Best Practices

Best Practices for forage stand establishment

This is a general list of best management practices for quality yield.


Seed selection
Start your forage stand establishment off right by only selecting top quality seed that is bred, tested and managed under a stringent Quality Assurance program.

Field preparation
Preparing for a new forage stand should start in the year before seeding. Scouting and controlling perennial weeds before establishment will ensure the quality and longevity of the stand. Herbicide use and potential residues should be monitored. Many herbicides have a residual effect on emerging forages and may minimize successful establishment. The forage species to be used must not be at risk from residual herbicide.

Seeding date
Forage seed is for spring planting only.

Seedbed preparation
Seed must be planted into a firm, well-prepared seedbed that has had proper weed control. A firm seedbed is critical for good soil-to-seed contact and creates an environment to help sustain seed zone moisture as the plant germinates. Newly planted forages need consistent moisture until they emerge. Loose, poorly packed seedbeds often result in reduced emergence or seeding failures as soon as soil moisture conditions deteriorate.

Soil pH and salinity
The pH and salinity of soil can affect the ability of a forage seed to germinate and establish. pH can have the greatest effect on alfalfa, as it germinates, nodulates and develops more readily in soils with pH levels above 6.5. The salinity of soil, measured by the electrical conductivity (EC), can impede the establishment of a forage stand as well. Salinity affects the plants’ ability to draw nutrients and water from the soil; however, some forages are more adapted to saline conditions and can be successfully grown under moderately saline conditions.
Soil testing is recommended prior to forage establishment. Contact your local representative for soil testing options.

Seeding rates
Minimum seeding rates are outlined below.

Depth and packing
The target planting depth for forage plantings should fall within the range specified by soil type guidelines. Proper packing is required immediately after seeding. Forage seeds are generally very small. As a result they are very sensitive to poor seed placement. An emerging seedling must rely on the stored energy in the seed until leaf development is sufficient to support photosynthesis. Due to their small size, forage seeds will not have sufficient reserves to emerge from deep soil depths. A general rule of thumb is to plant seeds to a maximum depth equivalent to 4-6 times the diameter of the seed.

Clay 0.25-0.75 0.5-1.5
Loam 0.50-1.00 1.0-2.5
Sand 0.75-1.25 1.5-3.0
Overall 0.50-0.75 1.0-1.50

One of the main reasons forage establishments fail is poor soil-to-seed contact. Good soil-to-seed contact is required as some grasses may take up to 21 days to emerge.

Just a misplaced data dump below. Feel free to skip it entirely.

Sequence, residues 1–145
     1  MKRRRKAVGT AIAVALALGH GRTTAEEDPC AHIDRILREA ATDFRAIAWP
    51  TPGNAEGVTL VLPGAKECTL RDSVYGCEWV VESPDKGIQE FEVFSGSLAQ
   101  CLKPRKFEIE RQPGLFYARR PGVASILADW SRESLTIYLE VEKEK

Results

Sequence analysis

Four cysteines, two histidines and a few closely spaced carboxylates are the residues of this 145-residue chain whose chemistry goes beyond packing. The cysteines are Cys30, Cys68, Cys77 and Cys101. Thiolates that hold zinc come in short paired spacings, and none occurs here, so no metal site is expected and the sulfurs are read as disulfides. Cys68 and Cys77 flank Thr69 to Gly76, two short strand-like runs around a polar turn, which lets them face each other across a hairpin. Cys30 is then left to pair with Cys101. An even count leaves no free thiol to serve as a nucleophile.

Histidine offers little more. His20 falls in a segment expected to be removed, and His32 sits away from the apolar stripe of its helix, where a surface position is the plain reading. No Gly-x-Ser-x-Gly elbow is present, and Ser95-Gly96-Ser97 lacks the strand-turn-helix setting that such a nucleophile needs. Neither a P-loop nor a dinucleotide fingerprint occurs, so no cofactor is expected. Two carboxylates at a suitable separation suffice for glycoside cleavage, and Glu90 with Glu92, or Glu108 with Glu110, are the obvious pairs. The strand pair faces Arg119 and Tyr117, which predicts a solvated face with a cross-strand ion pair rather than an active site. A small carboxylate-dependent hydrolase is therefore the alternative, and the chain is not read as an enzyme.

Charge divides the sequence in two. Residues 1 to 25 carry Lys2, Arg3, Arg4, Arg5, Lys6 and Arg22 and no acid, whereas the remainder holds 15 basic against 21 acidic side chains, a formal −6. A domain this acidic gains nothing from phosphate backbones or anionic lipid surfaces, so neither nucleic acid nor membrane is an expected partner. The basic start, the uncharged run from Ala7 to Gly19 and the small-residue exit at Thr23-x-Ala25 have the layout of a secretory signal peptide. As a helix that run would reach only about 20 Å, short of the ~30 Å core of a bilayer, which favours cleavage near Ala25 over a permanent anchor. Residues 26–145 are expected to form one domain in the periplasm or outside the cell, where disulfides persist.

PURE FORAGE STANDS 1 2 3 4 5 5 Irrigated 6 7 8 (>10" ppt)
Alfalfa 12 10 10 10 10 12 10 10 12
Bird's Foot Trefoil 7 nr 7 nr nr 7 7 7 7
Cicer Milk Vetch 12 10 12 10 10 12 12 12 12
Meadow & Hybrid Brome Grass 12 12 12 12 12 13 12 12 12
Smooth Brome Grass 10 10 10 10 10 10 10 10 10
Meadow and Tall Fescue 8 8 8 8 8 9 8 8 8
Orchard Grass 8 nr 7 nr nr 12 7 7 10
Timothy 5 nr 5 nr nr 8 3 3 5
Annual and Italian Grass 15 nr 12 nr nr 15 12 12 12
NewHy Wheat Grass 10 8 10 8 8 10 10 10 10
Kentucky Blue Grass 6 nr 6 nr nr 6 6 6 6

*nr = not recommended

Zero-till disc openers allow for a reduction in planting rate required because of precision depth control combined with on-row packing. The correct seeding rate may vary with the type of forage seeded to take into account seed size, species characteristics, method of seeding and portion of viable seed. Research has shown that even under normal conditions, only 60% of the seeds will germinate, and of these, 60 to 80% of the seedlings will die the first year. If you factor in drought, weeds, cover crop losses, insects and seedbed factors, these numbers may diminish rapidly.


Companion crops
If companion crops are to be used, they should be planted at no more than 20 lbs./ac. for cereals, 2 lbs./ac. for ryegrass and harvested as greenfeed or silage. Winter cereals are considered too competitive. The Proven Seed forage experts do not recommend the use of a cover crop.

A cover crop may be desired where soil erosion is a potential problem, but standing stubble is generally most effective. Always use a less competitive cover crop species and seed separately from the forages as their target planting rates and depths are usually different.

Insects and weeds
Insects usually do not have a major impact on forage establishment, but grasshoppers can quickly ruin an establishing stand if left unchecked. Grasshopper forecasts are available for your area and if high numbers are expected, chemical control may be required.

Action must be taken to control weeds when required. Forage crops left in production for several years provide a favourable environment for perennial weeds to flourish. Perennial weeds such as Canada thistle and quackgrass can out-compete forage stands and are best controlled prior to planting. Consult with your representative about herbicide options prior to establishment.

When evaluating your forage stand, remember that stand uniformity is more important than total plant numbers. Many of the forage seedlings will tiller or creep into the spaces. Little seedlings form crowns 4-6 inches in diameter. The following numbers are meant as a guideline only and should be reviewed with your representative before making any decisions. The minimum plant counts will vary with the field and environmental conditions.

FORAGE CROP 1, 8 & IRRIGATION 3, 6, & 7 2, 4, & 5
Alfalfa 8 6 5
Timothy 6 5 nr
Pasture (bunch-type) 8 6 5
Pasture (sod-type) 7 5 4

*nr = not recommended

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